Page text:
Today, even at a recreational level, most athletes participating in sport are accustomed to a pre-game, physical warm-up — the benefits of which are well-known. Preparing the body to be physically ready and adjusted for the competition to come is essential to ensuring that a high level of performance is achieved right from the moment the puck drops, the whistle blows or the chair umpire says “Play!”
Perhaps not so well-known, however, is the fact that many of the same benefits apply to a pre-game, “mental” warm-up. When you listen to players being interviewed after losing a game that they felt they could have won, they will often comment that they weren’t “in the game.” They will say that they lacked focus or that they let other issues or thoughts creep into their minds and distract them.
On an individual level, it is vital that a player is focused and ready to give their best right out of the blocks — but also that they are clear on what, exactly, it is that they are trying to achieve. When it comes to team play, an individual player’s mental preparation is equally important. If even one player on the team is not as prepared as the others, it can affect the overall team performance and, over the long term, breed friction and negativity between teammates.
Of course, each athlete has unique strengths, weaknesses and areas of required focus, so mental preparation and warm-up is a slightly different process for everybody. However, what it all comes down to is the ability to visualize the events of the day and the game unfolding successfully. This begins well before a player enters the arena. It can be as long as a few days, weeks, months or even years in advance, depending on the individual or the circumstance. However, a good pre-game, mental warm-up generally starts the day before.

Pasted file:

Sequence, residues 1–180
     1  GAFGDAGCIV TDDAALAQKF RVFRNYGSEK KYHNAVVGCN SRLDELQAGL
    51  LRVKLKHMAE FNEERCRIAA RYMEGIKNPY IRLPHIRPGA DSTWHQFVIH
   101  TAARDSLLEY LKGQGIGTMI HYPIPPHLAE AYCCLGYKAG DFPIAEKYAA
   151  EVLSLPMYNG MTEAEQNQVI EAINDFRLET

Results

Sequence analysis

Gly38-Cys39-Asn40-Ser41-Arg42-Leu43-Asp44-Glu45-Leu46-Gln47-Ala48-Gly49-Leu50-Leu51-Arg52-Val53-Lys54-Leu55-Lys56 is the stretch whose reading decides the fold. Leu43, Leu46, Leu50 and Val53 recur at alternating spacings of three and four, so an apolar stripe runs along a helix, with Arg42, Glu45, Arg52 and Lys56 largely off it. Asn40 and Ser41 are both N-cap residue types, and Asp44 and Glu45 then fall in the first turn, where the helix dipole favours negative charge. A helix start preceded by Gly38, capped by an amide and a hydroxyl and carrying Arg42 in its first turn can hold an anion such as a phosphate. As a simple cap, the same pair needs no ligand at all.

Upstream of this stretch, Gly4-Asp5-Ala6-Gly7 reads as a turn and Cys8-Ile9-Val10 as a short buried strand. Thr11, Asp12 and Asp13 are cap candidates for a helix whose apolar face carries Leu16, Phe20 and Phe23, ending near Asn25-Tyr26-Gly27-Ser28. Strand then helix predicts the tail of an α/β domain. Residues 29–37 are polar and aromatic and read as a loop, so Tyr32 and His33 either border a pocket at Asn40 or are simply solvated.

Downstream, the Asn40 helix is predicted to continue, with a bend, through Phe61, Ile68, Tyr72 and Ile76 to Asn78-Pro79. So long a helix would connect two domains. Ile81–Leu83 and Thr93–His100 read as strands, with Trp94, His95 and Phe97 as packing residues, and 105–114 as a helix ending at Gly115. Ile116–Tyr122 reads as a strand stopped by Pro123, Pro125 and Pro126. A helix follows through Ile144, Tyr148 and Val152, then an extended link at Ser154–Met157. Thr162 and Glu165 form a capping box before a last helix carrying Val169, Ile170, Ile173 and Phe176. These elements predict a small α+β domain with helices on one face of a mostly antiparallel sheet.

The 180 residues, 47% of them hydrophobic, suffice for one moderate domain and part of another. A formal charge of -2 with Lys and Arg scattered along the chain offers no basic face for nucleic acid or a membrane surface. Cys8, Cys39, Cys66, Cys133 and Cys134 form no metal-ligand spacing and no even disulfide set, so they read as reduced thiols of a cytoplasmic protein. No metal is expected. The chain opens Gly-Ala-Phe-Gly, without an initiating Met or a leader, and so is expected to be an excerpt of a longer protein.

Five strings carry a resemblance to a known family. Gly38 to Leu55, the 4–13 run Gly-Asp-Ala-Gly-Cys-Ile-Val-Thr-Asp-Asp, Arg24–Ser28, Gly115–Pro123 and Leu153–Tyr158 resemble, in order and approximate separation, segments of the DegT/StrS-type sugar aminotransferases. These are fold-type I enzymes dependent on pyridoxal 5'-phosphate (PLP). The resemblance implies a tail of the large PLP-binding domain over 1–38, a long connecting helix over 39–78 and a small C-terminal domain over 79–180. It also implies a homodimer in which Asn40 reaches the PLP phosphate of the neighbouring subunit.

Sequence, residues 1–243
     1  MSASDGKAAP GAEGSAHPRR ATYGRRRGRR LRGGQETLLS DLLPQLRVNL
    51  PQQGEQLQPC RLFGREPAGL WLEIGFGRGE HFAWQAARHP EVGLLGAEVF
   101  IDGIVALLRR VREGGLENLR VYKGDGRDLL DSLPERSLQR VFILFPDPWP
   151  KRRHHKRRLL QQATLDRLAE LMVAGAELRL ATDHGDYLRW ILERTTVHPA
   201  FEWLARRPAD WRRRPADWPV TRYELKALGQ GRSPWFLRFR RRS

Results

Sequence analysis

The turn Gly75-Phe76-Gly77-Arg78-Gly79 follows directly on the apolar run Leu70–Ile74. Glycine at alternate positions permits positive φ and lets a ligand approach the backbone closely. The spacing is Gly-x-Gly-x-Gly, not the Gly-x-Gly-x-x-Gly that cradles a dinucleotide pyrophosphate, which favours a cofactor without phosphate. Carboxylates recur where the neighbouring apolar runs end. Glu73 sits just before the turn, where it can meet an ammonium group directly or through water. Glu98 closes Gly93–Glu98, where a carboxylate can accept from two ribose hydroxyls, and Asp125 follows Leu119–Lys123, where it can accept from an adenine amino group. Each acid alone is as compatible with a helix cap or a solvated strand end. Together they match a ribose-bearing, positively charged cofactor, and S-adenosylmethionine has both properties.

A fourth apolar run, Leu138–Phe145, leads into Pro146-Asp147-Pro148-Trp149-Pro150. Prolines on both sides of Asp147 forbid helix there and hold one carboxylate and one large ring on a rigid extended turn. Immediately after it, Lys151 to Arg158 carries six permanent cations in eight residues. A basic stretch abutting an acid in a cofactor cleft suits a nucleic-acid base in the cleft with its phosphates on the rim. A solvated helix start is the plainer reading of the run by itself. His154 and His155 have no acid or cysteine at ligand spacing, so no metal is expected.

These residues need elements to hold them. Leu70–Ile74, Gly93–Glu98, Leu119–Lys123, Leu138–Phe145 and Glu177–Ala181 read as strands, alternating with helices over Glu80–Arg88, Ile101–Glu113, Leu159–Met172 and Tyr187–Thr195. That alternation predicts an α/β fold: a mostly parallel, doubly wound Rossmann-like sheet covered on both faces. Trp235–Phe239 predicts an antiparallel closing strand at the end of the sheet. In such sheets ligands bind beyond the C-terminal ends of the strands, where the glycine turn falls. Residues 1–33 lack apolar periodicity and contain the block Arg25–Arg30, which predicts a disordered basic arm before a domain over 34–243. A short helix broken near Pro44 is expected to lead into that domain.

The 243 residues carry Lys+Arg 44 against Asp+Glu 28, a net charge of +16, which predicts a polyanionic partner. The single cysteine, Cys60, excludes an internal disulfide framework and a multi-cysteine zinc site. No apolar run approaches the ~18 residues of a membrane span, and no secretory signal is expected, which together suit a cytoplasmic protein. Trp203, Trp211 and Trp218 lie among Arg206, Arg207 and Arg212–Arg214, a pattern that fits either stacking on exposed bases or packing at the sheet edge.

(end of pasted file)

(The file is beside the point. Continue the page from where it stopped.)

Here is a typical example of working on a mental warm-up with one of my players (we’ll call her Lea) just before a professional tennis match.
It was 8 a.m. on the morning of the day before the match. Lea and I decided to go to the court where the match would take place. It was not just any tennis court, however. It was the Roland Garros “Le Central” (Stadium Court), the host venue of the French Open in Paris, France. Though I knew she was physically prepared for the match, Lea was nervous because she had never played in front of thousands of people before — let alone on a show court this big!
I suggested we do a mental warm-up. We needed to change her state of mind. The stadium was empty, thus perfect for us to visualize the match as if it were taking place in reality. I asked Lea to see herself on the court hitting the ball correctly, to listen to the sounds and to feel her arm and body as she stroked the ball. Tapping into all of her senses, she even noticed the unique but refreshing odour of the court. As she became more and more comfortable with her environment, she began to feel relaxed and, suddenly, things didn’t feel so overwhelming. By getting herself mentally prepared (in conjunction with her physical preparation), she began to taste the sweet taste of victory, rather than the bitter taste of defeat.
Lea went on to win her match, portraying a player who looked as though she had been at it for years. She was both physically and mentally warmed up and ready to take control of the playing environment. I noticed the confidence the minute she walked onto the court, and I’m sure her opponent noticed it, too.
By Warwick Bashford, ATP and WTA tennis coach and founder of Champion People